This topic contains 2 replies, has 2 voices, and was last updated by  Michael Verret 4 years, 4 months ago.

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  • #11141

    Michael Verret

    I am a software engineer that is intensely interested in getting humans into space and onto other worlds. However, when I attended the NewSpace 2012 conference in California, which was an awesome and inspiring weekend by the way, everyone just talked about rockets. There was no mention of software…and only a couple of the booths actually had software on display. Rockets and space stations are obviously cool…but they don’t do much without software. How is the industry reaching out to developers?

    I understand the pool of money for space companies is relatively small so finding a formal job in software engineering might be out of the question. But, software engineers like to write software whether that be on the clock or not. Especially as a developer advances in their career and actual coding responsibilities are replaced with management responsibilities. Combine that desire to code with an ability to contribute to such an immensely noble goal as human space exploration and you’ll have a pretty dedicated and capable group of developers champing at the bit to contribute.

    I know that NASA has put several of their software projects out into the open source domain on various code repositories but it is not a very welcoming environment. My experience with it so far has been…well…here’s our code…good luck. Where is the introduction? Where are the demos and documentation to really show what these projects are and what NASA wants them to become? Where is the hit list of most wanted bugs/features? Where is the development environment definition? Open sourcing your code to get help from the community is great but you need to help developers get acclimated to the project and environment if you expect them to contribute.

    I may have made NASA’s open source initiatives sound flawed but I truly do think it is a step in the right direction. Why aren’t the private sector corporations reaching out to the open source community to develop software? I can understand not wanting a random group of unknown developers that are scattered to the winds with time commitments that cannot be guaranteed to develop flight critical components of your shiny new rockets but it does not mean they couldn’t be harnessed to develop less critical components with a longer lead time.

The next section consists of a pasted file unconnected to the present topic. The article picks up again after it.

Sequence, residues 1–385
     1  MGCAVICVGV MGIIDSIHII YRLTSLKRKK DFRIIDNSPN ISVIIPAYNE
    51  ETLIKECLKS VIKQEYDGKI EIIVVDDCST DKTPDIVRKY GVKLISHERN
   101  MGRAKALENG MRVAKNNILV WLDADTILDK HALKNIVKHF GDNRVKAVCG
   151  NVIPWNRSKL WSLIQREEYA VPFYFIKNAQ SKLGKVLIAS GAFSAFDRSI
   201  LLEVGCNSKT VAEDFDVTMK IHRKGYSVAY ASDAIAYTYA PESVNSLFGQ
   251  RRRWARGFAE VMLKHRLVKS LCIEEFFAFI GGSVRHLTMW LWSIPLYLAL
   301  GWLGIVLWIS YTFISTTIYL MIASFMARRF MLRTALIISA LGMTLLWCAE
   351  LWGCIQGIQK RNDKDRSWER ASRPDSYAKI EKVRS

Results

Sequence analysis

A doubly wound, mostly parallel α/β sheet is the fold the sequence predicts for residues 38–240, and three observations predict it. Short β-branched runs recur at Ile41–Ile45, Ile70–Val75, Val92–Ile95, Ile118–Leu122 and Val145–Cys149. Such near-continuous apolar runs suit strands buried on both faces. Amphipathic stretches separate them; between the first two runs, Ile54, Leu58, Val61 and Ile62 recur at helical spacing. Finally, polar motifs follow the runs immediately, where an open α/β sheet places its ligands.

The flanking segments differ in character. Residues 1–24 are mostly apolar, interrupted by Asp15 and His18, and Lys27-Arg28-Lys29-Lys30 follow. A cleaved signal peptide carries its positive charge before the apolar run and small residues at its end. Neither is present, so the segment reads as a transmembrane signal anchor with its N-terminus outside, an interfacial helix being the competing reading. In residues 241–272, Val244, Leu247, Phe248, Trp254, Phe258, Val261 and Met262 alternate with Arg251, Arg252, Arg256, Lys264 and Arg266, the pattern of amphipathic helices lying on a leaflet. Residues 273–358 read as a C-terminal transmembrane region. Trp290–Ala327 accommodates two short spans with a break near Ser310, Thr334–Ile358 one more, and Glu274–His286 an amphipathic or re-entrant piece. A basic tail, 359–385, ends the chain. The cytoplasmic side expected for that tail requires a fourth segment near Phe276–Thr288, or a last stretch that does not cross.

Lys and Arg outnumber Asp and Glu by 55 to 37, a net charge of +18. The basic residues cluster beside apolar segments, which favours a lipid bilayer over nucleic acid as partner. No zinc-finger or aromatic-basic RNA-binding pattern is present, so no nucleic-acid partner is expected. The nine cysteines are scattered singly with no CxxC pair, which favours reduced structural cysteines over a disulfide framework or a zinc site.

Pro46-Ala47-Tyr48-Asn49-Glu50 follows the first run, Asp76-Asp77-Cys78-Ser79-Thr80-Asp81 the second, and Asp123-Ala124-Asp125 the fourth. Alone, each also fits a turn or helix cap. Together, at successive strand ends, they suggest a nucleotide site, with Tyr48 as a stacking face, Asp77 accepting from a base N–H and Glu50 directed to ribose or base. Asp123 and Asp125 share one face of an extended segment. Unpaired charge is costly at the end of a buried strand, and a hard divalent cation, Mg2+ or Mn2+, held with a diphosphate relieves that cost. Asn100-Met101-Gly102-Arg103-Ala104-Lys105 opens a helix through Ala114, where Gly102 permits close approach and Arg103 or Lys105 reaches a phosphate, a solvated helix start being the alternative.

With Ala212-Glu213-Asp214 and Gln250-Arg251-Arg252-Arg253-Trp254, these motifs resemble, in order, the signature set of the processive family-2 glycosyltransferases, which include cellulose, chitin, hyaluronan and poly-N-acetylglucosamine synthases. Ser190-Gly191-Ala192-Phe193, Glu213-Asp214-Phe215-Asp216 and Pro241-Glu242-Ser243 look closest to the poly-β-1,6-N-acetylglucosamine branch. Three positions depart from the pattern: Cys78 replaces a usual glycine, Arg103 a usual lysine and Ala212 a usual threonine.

So in short…I develop software…I want to help…give me and others like me something to do.

    #11142

    Greg Quetin
    Keymaster

    Hi Michael,

    This is a great post and point that brings up the question: What software is needed in space that can have a long lead time but would be valuable across platform/company?

    [It would be great to hear a bunch of suggestions and wild ideas, then maybe we can pull something together]

    Here’s a couple I’d like to see open source:

    1. Solar System Model/Navigation/Traffic Control – Even if it started out as a modeling tool. Something along the lines of Celestia (link). Is this a project you have worked with? Can it be expanded? Improved? What does it look like from a settlement point of view?
    2. Modeling/Management Tools for Space Stations. Solve this problem: Logistics of a space station. Crew and cargo take up different resources and impact the function of a space station differently. What would the software look like to manage a distribution center (people and stuff) in space?

    Other ideas? Does anyone have experience with these projects and how they are doing at NASA? http://code.nasa.gov/project/

    #11159

    Michael Verret

    I have been developing ground station software for the last 10 years utilizing 2D/3D map tools (like NASA’s World Wind), command and control interfaces and health & status monitoring. I would think a modification to World Wind to have a 2D/3D solar system display instead of or maybe in addition to the 2D/3D earth display would fulfill part of your first idea. You could tie in NASA data on NEOs and other known solar system objects and possibly space weather data to chart hazard overlays.

    As for your second idea it would be interesting to see what software UPS uses. They have a logistical nightmare getting packages all around the world utilizing a multitude of varying platforms with huge disparities in cargo carrying capabilities and mobility options. They must also have a pretty amazing inventory management system for their warehouses.

    I would also think you would need something like a ground station just for purposes of monitoring a space station or colony. You would need a central (with maybe redundant/backup nodes) place to see the health and status of your life support, hull integrity, atmospheric sensor data, science modules, hydroponic garden status, crew vitals, etc.

    I think there could be a huge number of applications for robotics software as well. Anything from harvesting the gardens and repairing facilities/ships to threat detection networks using swarms of small robots to give advance warning of things like micro meteorites. Or maybe simpler applications like a GPS network for space or maybe marker beacons for known asteroids. I have heard of some research using pulsars for navigation…so maybe instead of that being a robotics issue it would be more of a data analysis and processing task.

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